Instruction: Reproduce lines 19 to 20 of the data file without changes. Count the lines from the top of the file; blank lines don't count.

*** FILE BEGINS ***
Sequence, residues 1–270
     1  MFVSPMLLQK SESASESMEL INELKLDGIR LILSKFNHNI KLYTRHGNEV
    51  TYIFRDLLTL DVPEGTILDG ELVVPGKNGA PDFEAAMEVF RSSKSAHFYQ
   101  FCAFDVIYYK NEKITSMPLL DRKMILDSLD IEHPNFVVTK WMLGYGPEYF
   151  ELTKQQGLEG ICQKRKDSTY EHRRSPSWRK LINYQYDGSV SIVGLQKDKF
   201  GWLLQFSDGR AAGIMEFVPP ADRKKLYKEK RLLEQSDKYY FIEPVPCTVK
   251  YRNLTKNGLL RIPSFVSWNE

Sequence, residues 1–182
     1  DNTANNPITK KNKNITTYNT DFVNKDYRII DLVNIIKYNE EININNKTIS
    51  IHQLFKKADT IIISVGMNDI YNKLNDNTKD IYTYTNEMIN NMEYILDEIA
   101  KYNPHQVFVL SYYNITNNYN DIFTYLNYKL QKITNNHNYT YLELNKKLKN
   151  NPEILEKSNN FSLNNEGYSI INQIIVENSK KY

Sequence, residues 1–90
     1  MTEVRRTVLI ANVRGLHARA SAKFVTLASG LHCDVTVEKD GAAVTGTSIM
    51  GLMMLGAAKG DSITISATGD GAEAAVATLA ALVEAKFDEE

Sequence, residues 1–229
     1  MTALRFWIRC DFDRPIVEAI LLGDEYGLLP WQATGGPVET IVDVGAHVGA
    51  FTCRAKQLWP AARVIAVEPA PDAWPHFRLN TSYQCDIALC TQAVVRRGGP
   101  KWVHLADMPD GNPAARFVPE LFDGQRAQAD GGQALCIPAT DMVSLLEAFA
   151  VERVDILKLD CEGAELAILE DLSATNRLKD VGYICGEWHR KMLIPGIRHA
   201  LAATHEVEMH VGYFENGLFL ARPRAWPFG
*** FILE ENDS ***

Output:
   101  KWVHLADMPD GNPAARFVPE LFDGQRAQAD GGQALCIPAT DMVSLLEAFA
   151  VERVDILKLD CEGAELAILE DLSATNRLKD VGYICGEWHR KMLIPGIRHA